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Postpartum Mental Health Disorder is not a myth.  

Postpartum mental health disorder is a reality. Unfortunately, not all families take this mood and anxiety disorder seriously until it starts to affect the whole family. When a mom suffers from postpartum mental health disorder like depression, stress or anxiety, she is badly in need of help and support. Since there is no magic cure, recovery may be slow. Nonetheless, moms will still require high level help, support, and communication to overcome this mental health period that often accompanies pregnancy and childbirth.


92% of mothers feel as though society doesn't do
a good job at understanding or supporting motherhood.⠀

Common Postpartum Depression symptoms

  • Anger, frustration
  • Feeling overwhelmed
  • Easily exhausted
  • Feeling insecure
  • Repetitive worrying and crying spells for no reason
  • Hopelessness
  • Struggling with an emotional connection with the baby
  • Loss of interest in activities you have always loved
  • Having sleeping problem
  • Feeling irritable all the time

Sleep Deprivation

So your little bundle of joy has arrived after a long wait of nine months. As a new mother, you are faced with certain health challenges. While you should be ready to cater to the needs of your little one all the time, sleepless nights await you. No doubt, sleep deprivation in postpartum can pose new mental health challenges due to the repeated nighttime awakenings of the infant.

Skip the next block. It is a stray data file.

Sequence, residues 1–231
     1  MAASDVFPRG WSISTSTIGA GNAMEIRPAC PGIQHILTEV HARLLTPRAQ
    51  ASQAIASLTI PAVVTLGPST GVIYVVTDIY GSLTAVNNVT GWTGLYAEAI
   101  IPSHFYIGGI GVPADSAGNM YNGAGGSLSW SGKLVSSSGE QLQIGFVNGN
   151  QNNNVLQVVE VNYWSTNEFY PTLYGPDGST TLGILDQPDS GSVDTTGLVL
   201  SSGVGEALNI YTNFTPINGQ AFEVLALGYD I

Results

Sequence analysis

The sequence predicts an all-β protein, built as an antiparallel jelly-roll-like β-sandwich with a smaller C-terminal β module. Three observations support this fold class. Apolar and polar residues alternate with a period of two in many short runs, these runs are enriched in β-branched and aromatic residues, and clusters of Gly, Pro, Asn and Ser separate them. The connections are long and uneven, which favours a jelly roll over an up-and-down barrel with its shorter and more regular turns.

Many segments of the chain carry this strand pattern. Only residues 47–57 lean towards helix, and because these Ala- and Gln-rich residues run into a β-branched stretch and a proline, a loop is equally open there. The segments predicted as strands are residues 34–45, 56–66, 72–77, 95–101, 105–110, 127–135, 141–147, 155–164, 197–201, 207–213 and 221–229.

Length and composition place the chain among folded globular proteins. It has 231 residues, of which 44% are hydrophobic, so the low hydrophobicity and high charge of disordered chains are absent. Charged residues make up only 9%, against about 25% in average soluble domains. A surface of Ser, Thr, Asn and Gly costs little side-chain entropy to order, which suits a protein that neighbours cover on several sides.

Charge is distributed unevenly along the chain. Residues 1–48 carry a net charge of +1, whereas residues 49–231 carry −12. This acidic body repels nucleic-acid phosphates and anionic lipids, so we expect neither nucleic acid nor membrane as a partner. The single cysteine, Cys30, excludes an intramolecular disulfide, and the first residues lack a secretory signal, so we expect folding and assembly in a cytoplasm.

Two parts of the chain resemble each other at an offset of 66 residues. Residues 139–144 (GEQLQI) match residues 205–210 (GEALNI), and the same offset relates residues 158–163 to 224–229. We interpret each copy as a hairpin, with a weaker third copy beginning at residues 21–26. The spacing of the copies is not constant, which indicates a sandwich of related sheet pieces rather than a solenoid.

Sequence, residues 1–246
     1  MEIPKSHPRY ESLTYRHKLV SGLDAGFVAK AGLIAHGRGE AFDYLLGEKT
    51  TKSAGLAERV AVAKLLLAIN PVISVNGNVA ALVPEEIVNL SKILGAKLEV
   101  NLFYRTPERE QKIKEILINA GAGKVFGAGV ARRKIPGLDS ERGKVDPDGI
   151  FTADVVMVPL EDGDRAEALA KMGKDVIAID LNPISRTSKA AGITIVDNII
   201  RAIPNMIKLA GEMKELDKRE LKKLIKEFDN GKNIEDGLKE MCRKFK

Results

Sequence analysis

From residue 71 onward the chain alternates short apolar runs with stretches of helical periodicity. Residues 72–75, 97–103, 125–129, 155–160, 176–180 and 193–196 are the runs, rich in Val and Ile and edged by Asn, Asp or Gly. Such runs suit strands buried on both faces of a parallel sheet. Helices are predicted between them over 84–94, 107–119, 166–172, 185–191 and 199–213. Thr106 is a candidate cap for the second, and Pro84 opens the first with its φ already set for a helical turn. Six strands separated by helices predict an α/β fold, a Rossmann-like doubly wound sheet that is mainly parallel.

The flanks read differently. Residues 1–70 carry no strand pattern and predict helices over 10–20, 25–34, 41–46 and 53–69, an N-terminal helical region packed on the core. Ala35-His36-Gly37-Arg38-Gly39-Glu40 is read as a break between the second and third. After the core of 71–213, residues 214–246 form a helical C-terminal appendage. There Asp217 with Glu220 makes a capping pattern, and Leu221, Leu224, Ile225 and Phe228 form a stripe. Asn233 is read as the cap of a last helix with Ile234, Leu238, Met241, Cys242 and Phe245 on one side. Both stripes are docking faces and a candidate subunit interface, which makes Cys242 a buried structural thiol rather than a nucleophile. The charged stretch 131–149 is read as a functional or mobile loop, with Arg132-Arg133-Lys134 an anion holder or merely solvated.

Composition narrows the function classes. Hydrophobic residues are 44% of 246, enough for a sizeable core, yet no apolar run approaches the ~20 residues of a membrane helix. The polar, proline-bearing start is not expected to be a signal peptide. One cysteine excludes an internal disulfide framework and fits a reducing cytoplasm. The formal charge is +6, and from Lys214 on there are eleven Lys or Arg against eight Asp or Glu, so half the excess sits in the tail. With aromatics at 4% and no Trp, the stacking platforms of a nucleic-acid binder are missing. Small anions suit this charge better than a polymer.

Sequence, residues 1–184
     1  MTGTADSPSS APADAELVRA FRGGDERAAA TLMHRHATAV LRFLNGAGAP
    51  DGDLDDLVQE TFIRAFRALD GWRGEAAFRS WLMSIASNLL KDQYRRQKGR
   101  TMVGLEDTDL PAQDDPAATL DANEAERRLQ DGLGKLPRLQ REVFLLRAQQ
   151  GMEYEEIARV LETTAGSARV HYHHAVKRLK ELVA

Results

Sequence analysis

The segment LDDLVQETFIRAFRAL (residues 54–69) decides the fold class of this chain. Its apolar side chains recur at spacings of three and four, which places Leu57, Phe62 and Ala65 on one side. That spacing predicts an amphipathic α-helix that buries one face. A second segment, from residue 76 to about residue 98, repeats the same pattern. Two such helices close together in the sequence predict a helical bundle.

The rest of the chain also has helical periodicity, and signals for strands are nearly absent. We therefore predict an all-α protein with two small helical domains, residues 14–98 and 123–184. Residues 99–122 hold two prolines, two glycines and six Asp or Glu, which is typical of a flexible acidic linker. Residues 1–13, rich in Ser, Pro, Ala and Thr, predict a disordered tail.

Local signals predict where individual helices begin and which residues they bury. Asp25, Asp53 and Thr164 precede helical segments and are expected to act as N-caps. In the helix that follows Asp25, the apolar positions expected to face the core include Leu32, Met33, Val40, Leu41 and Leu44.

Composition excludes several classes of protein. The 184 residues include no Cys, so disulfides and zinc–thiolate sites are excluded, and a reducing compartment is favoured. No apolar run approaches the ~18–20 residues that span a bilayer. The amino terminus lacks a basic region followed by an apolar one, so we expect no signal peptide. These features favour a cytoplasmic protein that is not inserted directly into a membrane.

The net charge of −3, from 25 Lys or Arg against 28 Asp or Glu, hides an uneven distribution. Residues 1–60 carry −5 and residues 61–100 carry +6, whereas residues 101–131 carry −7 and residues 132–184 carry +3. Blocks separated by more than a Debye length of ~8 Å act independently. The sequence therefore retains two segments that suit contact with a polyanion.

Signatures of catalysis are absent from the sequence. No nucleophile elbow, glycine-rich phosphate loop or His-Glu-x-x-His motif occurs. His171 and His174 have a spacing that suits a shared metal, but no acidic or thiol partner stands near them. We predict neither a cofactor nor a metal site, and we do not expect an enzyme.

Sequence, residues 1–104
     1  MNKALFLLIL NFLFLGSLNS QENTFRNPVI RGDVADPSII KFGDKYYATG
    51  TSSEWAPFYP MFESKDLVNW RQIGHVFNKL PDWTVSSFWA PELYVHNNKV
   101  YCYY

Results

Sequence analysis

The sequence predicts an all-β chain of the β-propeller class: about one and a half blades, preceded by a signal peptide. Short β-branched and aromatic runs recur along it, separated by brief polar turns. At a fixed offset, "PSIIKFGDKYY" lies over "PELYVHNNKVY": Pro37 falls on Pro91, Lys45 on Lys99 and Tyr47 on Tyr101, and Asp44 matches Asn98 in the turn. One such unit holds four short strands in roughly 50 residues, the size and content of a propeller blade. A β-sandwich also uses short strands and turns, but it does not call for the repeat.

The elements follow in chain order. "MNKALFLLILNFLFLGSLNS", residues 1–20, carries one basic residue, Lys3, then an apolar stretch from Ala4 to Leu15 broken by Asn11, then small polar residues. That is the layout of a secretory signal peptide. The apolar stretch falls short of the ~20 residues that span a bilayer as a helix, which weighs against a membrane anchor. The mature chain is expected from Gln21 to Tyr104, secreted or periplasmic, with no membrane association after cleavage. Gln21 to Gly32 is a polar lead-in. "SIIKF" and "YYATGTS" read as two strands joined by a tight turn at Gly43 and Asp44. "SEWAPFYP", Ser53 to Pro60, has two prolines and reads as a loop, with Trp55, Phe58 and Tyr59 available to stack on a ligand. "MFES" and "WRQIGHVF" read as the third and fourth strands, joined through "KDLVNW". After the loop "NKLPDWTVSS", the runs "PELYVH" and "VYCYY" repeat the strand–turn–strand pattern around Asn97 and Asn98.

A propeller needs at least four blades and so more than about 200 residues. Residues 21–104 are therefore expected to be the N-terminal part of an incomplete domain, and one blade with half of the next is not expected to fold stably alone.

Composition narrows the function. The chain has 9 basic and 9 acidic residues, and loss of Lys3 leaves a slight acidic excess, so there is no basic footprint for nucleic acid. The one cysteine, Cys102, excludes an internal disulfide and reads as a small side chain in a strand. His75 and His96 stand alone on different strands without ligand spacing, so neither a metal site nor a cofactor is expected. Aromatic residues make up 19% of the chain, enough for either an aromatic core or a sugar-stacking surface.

Pregnancy and childbirth are responsible for stimulating hormonal reactions in the body. The hormones that were at an all-time high suddenly drop immediately after childbirth. This hormonal disturbance could trigger mood swings and affect the quality of sleep.

The lack of sleep could further make a new mother vulnerable to mood disorders, including postpartum depression and psychosis. One study analyzed that women with poor sleep quality have a higher chance of postpartum depression compared with those who enjoyed quality sleep. This first group of women suffers from anxiety, irritability, forgetfulness, and depressive mood. Unfortunately, sleep deprivation could trigger postpartum depression, which could further affect the quality of life of sleep-deprived mothers and their infants.  

Coping with Depression & No Support

CDC statistics reveal that 1 in 8 women struggle with postpartum depression. Symptoms may linger for weeks, months, or even a year. Am I doing it right? Did I really need to put myself in this situation? Why do I need to suffer? Am I not worth being a mom? Am I an incompetent mom? Can I take care of this tiny tot all alone? Read more by clicking the link below.